Combining Nvidia’s terrific gaming and data center platform with Arm’s massive smartphone and processor ecosystem and you have got the undisputed king of the semiconductor industry.

We don’t actually know if Nvidia can complete the deal. There are a ton of potential obstacles and they’ll have to get regulatory approvals all over the globe.

Nvidia recently acquired Melanox for more data center exposure and that transaction that was held up for ages by Chinese regulators. Lots of people wrote the Melanox deal off but Nvidia’s CEO Jensen Huang got the deal done.

Arm Holdings is an incredible asset. Arm technology is integral to the mobile and internet of things revolutions. Arm designs technology and then licenses it out to all sorts of other semiconductor companies. Years ago, Arm came up with a better architecture for processors. They designed a chip that’s much more energy-efficient than the processors you’ll find in most computers which allowed their technology to take the mobile market by storm. Today, their tech is in everything from autonomous cars, to the internet of things, and even smart home devices and all sorts of automation. It’s in smartphones and tablets and some computers. They license their chip architecture and then their clients can add stuff on top of that for specific applications.

It’s a fabulous business which is why Nvidia is willing to pay $12 billion in cash on top of $21.5 billion in stock which is roughly what Softbank paid four years ago and Softbank poured a ton of money into Arm after the acquisition making it a much better company than before it went private.

On top of that Nvidia’s issuing $1.5 billion dollars of stock to Arm employees. When you add it all up, we’re talking about a $40 billion deal.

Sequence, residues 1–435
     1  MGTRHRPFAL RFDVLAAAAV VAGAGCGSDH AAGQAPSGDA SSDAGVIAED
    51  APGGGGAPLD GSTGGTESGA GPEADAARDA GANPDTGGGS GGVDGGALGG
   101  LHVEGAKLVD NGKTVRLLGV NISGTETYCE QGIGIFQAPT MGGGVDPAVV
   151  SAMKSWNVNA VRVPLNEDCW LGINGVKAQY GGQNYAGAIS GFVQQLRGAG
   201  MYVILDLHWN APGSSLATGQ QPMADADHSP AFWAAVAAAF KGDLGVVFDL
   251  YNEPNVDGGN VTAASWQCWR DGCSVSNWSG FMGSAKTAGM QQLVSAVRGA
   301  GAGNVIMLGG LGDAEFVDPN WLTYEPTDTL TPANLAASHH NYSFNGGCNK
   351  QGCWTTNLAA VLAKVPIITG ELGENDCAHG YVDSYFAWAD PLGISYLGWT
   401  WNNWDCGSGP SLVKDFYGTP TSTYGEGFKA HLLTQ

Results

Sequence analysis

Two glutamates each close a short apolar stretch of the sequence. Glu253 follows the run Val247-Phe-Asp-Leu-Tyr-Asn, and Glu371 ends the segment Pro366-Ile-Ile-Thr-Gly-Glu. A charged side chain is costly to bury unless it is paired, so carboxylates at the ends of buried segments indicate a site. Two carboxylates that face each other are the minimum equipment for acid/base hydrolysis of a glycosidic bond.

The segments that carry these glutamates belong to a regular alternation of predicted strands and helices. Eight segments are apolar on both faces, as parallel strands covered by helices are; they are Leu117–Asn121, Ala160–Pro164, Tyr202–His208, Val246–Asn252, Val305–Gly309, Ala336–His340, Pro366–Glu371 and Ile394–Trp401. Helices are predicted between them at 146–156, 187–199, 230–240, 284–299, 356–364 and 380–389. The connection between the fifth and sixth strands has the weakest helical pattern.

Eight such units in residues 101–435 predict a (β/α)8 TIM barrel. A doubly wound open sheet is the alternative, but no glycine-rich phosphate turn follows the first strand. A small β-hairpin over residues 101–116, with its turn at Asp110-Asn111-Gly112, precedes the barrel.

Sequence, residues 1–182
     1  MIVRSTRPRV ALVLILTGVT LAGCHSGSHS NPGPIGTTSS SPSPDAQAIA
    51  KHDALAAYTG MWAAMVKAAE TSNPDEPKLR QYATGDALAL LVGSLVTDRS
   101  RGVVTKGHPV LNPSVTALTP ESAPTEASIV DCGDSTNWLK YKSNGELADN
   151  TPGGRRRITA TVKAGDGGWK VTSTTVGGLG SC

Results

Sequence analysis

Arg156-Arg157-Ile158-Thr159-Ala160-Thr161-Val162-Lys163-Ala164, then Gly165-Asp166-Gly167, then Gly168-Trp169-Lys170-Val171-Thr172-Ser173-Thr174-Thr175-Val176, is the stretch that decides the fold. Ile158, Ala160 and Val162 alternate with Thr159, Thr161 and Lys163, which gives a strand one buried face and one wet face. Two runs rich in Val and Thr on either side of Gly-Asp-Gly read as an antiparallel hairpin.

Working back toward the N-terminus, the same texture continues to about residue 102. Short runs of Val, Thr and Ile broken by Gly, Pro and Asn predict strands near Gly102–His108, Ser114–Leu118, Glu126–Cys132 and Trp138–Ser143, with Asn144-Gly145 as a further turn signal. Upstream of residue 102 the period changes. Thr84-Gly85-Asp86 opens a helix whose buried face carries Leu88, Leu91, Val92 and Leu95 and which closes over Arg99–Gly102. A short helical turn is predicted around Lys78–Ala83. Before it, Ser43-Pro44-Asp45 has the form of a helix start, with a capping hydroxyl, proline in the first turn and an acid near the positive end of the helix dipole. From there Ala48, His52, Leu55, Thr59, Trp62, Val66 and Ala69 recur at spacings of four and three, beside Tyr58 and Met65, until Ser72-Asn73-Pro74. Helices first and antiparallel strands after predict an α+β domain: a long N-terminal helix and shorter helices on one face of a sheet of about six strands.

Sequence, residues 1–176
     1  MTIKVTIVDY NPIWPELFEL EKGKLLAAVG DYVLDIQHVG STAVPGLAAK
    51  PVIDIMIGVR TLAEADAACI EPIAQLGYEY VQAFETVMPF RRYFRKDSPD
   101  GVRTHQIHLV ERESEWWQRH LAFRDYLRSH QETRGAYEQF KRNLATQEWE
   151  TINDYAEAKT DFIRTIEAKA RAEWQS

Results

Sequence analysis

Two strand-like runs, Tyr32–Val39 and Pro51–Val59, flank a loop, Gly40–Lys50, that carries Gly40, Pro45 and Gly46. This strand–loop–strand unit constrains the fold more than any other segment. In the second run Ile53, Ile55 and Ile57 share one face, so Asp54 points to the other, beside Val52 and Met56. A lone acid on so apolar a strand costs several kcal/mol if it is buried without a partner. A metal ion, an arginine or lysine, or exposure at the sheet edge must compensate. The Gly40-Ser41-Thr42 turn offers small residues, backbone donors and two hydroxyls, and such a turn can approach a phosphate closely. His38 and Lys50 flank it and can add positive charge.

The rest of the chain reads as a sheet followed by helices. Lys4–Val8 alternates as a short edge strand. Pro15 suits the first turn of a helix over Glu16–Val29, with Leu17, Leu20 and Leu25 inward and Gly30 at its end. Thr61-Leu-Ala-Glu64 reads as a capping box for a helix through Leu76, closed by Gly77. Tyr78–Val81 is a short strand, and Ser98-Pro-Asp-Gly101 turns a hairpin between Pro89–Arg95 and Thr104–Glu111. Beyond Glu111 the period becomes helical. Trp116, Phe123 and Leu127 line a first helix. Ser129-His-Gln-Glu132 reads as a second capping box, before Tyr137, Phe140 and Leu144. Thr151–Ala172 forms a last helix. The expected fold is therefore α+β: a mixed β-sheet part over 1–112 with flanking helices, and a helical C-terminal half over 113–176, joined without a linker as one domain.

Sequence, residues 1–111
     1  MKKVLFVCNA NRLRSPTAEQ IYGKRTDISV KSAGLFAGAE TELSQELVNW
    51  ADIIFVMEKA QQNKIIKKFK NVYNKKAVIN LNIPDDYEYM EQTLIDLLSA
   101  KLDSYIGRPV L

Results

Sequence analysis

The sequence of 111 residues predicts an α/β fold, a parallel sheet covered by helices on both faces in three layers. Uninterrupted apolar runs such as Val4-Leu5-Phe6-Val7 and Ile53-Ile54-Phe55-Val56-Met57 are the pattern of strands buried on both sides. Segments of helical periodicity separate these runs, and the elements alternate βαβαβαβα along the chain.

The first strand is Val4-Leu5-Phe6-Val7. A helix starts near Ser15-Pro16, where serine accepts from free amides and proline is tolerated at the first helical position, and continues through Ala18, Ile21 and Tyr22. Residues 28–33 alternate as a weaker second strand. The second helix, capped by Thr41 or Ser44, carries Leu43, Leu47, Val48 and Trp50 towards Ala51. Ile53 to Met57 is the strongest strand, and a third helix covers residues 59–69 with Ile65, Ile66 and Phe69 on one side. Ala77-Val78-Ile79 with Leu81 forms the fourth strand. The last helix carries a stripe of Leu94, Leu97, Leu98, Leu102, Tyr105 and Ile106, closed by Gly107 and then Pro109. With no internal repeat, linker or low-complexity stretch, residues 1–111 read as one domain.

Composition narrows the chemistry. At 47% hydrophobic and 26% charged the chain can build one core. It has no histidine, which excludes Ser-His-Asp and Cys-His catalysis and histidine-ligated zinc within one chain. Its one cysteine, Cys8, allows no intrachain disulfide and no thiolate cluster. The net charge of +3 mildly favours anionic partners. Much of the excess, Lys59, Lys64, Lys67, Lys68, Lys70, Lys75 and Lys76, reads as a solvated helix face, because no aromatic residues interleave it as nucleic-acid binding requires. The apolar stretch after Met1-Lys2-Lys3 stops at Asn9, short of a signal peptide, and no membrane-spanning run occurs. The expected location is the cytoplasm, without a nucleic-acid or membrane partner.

Arm’s co-founder Hermann Hauser claims the chip designer’s licensees are “not happy” about its $40B sale to Nvidia, Business Insider’s Martin Coulter reports. His concerns echo worries by analysts that Arm’s sale to a large chipmaker would compromise its successful licensing model. Source:

On September 22, 2020, Li Auto (LI) announced a three-way strategic cooperation with Nvidia (NVDA) and Nvidia’s Chinese partner, Huizhou Desay SV. Through this strategic cooperation, Li Auto will be the first OEM equipping its vehicles, the full-size extended-range premium smart SUV to be launched in 2022, with the Nvidia Orin SoC chipset. The Nvidia Orin SoC was released in 2019 and is scheduled to be in production in 2022. Orin uses a 7-nanometer production process to achieve a computing power of 200 TOPS, seven times that of the previous generation, the Xavier SoC. Even with the improvement in computing performance, Orin’s baseline power consumption is 45 watts. In addition, Li Auto will provide end-users with upgradeable solutions, ranging from L2+ autonomous driving with a single Orin chip and 200 TOPS in computing power, to L4 with dual Orin chips and 400 TOPS in computing power. In the future, the use of discrete GPU can further increase the computing power up to 2000 TOPS theoretically, which provides sufficient hardware capabilities for L5 autonomous driving. Desay SV will build on the Orin SoC, and provide an autonomous driving domain controller. On this foundation, Li Auto will develop all autonomous driving program design and algorithms, aiming to become the first new energy vehicle company to independently develop L4 autonomous driving systems in China. Li Auto plans to achieve the full range of autonomous driving in its next generation of vehicles.

On September 21, 2020, RBC Capital analyst Mitch Steves keeps his Outperform rating and $610 price target on Nvidia. The analyst cites “numerous articles”, suggesting that demand for 3080 cards is increasing with a portion of that trend related to cryptocurrency mining. Steves adds that following the ramp-up of decentralized finance applications, profitability for Ethereum mining has increased.

On September 19, 2020, Nvidia (NVDA) became the largest U.S. chipmaker by market value in July, passing industry titan Intel (INTC), but by most measures, Nvidia remains a niche player, Max Cherney writes in this week’s edition of Barron’s. For Nvidia to grow into its value, the company has to do something big, and CEO Jensen Huang may have found the answer with his $40B deal for Arm Holdings, the author notes. If there ever was a way to challenge Intel’s dominance, Huang may have cracked the code, with a combination of Nvidia’s leading graphics processors, Arm’s central-processing-unit chips, and its longstanding partnership with TSMC (TSM), which fabricates many of the world’s most advanced chips, the report adds. Source:

Although there may be regulatory hurdles ahead, CNBC’s Jim Cramer said Thursday he believes investors should look to buy Nvidia after its acquisition of Arm.


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